Self-Harm And Recovery


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Exploring the Evidence

By Bruce Wallace

ISBN: 978-1-78382-163-1
Published: 2015
Pages: 140
Key Themes: Mental Health, Mental Illness, Self-Harm, Self-Injury Recovery

About the Author

Bruce Wallace was born in 1951 and became involved in the area of mental health firstly through qualifying as a mental health nurse (in the late 1960’s) and later teaching both students preparing for work in mental health and those already qualified but developing their knowledge and skills further.

He has a specific interest in the area of self-harm/injury through both the fact that he facilitates a specific unit dedicated to the subjects of self-harm and suicide and has known and worked with individuals who have self-harmed/injured.

He has attempted to balance the views of the ‘profession’ with those who have come into contact with that profession to enable a greater understanding to emerge and hopefully a better experience for those individuals looking for support and help. He has previously published a book exploring issues related to self-harm/injury.

Book Extract

“It seems like a lot of people wonder when exactly you’re recovered. 6 months clean? A year? More? Less? I really think it’s up to the individual. When you can say with complete confidence that you are never, ever going back there, and you’re taking every possible measure to ensure that you don’t, then that’s recovery. I was clean for almost a year, and a lot of people might consider themselves to be recovered after that time, but I knew in my heart I wasn’t finished. I wasn’t ready to give it up. It’s certainly a difficult journey, but it’s attainable, if you truly want it and put every effort into it. Never give up. Something will work for you. If you haven’t found it yet, keep searching. Something will help. It won’t be easy, but it’s worth the fight.”

About this piece of work

This chapter is the result of a small piece of consultation work by CAPS Advocacy based in the Lothian region of Scotland. Much of our work focuses on collecting and acting on the views of people with personal experience of mental health issues and treatment. We aim to be pro-active in supporting people to raise issues with services and campaign for changes and improvements in services rather than solely responding to consultation requests from services. In our collective advocacy service we look to represent the range of views on any given topic, rather than one person speaking for a heterogeneous group.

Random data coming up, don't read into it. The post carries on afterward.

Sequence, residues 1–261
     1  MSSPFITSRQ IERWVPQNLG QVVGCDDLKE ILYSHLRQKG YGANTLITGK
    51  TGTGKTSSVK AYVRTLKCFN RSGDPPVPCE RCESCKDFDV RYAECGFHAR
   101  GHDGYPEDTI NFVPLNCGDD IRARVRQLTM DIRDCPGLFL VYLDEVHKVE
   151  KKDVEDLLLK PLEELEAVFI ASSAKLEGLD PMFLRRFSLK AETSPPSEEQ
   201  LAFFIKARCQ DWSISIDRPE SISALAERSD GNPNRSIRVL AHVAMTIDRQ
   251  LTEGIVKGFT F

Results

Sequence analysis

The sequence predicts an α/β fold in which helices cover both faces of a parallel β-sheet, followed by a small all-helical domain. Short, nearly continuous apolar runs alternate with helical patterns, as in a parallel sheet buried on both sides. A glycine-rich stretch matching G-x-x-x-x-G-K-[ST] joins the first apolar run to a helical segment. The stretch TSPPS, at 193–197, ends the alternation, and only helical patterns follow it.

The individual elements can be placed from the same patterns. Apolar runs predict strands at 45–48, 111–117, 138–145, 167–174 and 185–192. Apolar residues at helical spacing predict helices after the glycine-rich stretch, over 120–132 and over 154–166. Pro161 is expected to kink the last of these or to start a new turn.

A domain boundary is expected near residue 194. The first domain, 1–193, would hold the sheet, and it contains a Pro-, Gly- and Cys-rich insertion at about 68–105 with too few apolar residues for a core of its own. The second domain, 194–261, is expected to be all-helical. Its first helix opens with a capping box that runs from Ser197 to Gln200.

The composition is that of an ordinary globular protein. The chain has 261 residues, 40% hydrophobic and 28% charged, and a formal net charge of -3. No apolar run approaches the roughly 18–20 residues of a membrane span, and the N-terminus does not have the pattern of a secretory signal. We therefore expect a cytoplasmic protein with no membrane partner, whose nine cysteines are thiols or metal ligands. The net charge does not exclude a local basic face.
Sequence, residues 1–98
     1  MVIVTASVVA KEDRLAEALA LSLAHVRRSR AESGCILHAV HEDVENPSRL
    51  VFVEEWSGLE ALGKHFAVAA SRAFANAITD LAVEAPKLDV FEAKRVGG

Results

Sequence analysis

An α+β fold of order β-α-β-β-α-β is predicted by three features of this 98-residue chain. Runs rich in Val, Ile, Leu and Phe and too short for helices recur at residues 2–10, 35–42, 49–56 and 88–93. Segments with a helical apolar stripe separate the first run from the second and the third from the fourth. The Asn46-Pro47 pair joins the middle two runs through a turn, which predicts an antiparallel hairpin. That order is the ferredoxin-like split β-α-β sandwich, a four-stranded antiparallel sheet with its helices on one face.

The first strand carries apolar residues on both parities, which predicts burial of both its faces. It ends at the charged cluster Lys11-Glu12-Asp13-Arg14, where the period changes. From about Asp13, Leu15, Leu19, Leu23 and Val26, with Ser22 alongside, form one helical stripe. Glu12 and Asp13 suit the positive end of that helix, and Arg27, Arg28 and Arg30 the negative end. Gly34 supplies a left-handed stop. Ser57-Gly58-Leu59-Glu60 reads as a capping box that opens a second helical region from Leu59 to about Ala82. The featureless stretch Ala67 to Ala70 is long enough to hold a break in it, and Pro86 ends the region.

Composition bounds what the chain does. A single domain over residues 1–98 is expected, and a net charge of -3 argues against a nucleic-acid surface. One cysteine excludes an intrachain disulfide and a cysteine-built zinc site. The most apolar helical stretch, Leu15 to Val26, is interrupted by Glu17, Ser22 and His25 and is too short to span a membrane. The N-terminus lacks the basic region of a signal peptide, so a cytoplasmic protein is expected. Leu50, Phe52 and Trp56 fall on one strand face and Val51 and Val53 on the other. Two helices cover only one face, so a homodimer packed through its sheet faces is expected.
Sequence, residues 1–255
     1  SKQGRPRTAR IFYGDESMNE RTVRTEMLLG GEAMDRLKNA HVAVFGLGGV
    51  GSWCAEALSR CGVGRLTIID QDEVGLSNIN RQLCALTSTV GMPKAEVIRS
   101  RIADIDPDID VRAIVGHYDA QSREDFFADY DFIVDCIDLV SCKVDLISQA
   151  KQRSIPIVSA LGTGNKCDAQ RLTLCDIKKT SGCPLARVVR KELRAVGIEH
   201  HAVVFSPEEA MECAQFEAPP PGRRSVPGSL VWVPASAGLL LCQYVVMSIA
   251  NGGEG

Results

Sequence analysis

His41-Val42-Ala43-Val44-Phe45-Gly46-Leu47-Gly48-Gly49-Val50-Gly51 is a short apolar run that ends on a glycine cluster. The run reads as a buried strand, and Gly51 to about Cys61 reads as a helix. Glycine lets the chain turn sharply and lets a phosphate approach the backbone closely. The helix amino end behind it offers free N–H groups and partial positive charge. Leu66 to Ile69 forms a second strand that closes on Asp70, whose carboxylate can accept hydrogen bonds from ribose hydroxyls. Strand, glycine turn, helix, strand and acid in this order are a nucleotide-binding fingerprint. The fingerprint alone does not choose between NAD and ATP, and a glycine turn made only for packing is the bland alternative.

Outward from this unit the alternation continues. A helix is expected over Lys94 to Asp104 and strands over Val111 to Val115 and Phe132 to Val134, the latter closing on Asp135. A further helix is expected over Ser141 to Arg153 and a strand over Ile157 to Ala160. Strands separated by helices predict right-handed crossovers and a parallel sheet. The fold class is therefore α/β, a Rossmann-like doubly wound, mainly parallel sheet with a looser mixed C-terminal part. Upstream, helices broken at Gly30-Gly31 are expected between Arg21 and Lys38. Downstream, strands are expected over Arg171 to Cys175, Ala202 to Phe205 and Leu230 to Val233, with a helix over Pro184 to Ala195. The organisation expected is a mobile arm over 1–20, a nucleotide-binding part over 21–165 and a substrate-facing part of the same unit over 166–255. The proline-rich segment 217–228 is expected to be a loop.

We also work closely with a range of people who use self-harm, partly due to specific advocacy projects and partly due to strong links with other services and community groups. When we heard about this book proposal we felt it was a good opportunity to gather a wide variety of views to be presented in a collective first person format to contrast with personal views and experiences and anonymised research.

To collate the information in this chapter we simply asked:
What would you like to say about self-harm and recovery?

A note from the author

In writing this chapter I wanted to express very passionately the variety of views people have on self-harm and recovery and in particular their relation to one another. I could write screeds on this topic, as I feel very strongly that there is no specific way to define recovery in relation to self -harm. To try undermines both the concept of recovery, as I understand it, and all of my learning about the individual nature of the use of self -harm. I feel equally passionately about representing a range of views, not just the ones which are loudest, and the result is this chapter which I hope is informative and challenging in equal measures. I have used people’s own words as much as possible as I feel nothing can capture their experience better than this. It has been an illuminating and humbling piece of work for me and I can only hope that readers will appreciate people giving freely of their very personal experiences in order to educate others.